A Lasting Touch

About a month before she died, my grandmother and I sat in her garage apartment, had snacks, and a nice long evening conversation.

Our talks, on the patio, or in her apartment, were always tender, funny, and memorable. And I never came home from school without stepping in, to kiss her forehead.

I’m grateful she came to live with us when I was 10 years old.

That evening, after a couple of hours, I looked at my watch and said, “OK Grandma, I need to go. It’s getting late. Goodnight.”

But she put her hand on my forearm and squeezed it saying, “No te vayas todavía. Estamos platicando tan a gusto.” Translation: Don’t leave yet. We’re having such a nice chat.

So I stayed another half-hour, but to this day I can feel her firm hold on my arm. I had no idea she would be gone a few weeks later.

It was a privilege to be 25 years old, having a real conversation with my Grandma, feeling loved, and knowing that my presence was all she needed, at that moment.

There is power in touch. I can still feel the warmth of her strong hand, 23 years later.

When she died my Mom comforted me, saying, “You listened to her stories.”

How could I not? Her story was my story, our history.

If someone you love grabs your forearm, and asks you to spend a little more time together, do it.


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From Massage to Self-Care

How did my practice expand from massage to self-care support, since my training and certifications are in bodywork?

This came gradually, through the needs of my clients.(Some of whom have been part of my practice for over a decade.) We are aging together, so we support each other, as our bodies present different needs, through this process.

Through massage, we nurture the body, but our conversations expand to fitness, through movement, and health, through enlightened eating. I stay focused on massage and refer people to experts in other areas, for professional guidance and information.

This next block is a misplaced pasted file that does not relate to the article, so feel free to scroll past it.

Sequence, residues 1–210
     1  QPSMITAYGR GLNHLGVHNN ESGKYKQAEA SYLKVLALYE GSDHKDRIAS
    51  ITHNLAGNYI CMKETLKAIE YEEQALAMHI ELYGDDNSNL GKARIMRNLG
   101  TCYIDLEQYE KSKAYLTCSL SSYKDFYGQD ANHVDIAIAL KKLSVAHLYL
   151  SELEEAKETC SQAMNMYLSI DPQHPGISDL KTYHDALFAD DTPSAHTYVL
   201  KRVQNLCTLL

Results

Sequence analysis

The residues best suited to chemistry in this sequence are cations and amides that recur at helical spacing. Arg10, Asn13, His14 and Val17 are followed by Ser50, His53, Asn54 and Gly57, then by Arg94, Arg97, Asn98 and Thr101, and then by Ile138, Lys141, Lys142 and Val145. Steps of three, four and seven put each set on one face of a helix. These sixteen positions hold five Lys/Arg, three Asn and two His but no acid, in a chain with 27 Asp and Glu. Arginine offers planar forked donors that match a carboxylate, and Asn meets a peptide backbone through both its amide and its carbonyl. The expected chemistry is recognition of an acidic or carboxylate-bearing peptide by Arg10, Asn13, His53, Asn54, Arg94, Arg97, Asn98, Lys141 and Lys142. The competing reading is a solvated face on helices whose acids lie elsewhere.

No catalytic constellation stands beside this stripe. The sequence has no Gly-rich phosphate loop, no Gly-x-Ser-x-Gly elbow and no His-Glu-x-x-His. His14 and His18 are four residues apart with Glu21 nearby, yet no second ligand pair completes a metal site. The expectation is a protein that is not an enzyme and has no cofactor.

I welcome requests for referrals (even to other bodyworkers!) or to diverse resources that promote self-care. Have you visited the self-care resources page on my website? This list is by no means exhaustive, but I promise to do more homework to help you find the right professional to support your wellness goals.

Several of my clients are psychotherapists and believe that massage is essential to the work their clients are doing, facing foundational life experiences. Perhaps internal work can help identify the patterns that keep us from a lifelong practice of self-care.

But, again, I’m only qualified to provide the bodywork component of this journey.

My virtual Rolodex is always available to you. Massage is more that bodywork. Self-care makes everything else possible.

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What is Chi Running?

 “I’d love to start running, but my knees…”

So, let’s talk about injury-free running. It is possible, using a gentle form called Chi Running. This practice combines a forward lean, neutral arm swing, mid-foot strike, and engaging the core, to create a sweet spot, where running feels comfortable. It’s also a mindful, almost meditative, experience.

But first, some background information. I always admired the freedom runners had to practice functional fitness in nature, on trails and on beaches, but I didn’t start running until my early-40s. Every time I attempted a conventional running practice, I’d injure myself. My ankles were usually the source of my pain. Thanks to Todd Lange, from 5k101.com I completed a “Couch-to-5K” program. I did this on a treadmill, with his expert audio guidance, and increased my running intervals gradually. At the end of 8 weeks I was able to run a full 30 minutes.

But I made a rookie mistake by going out on pavement and running much too aggressively. The ankle injuries stopped me again. As I recovered, I searched for injury-free running guidance. This led me to chirunning.com and the creator of this form, Danny Dreyer. He developed this running practice when he lived here, in Marin County.

Inspired by people practicing Tai Chi in Golden Gate Park, Danny wondered if the principles of that practice, namely, efficient movement, deep core awareness, cooperating with gravity etc. could be applied to running, to prevent injury.

In Chi Running, you do not pound the pavement. A hard heel strike can leave you prone to joint injuries (ankles, knees and hips.) Landing on the ball of your foot can make soft tissue (calves, Achilles tendons, hamstrings etc.) vulnerable to injury too.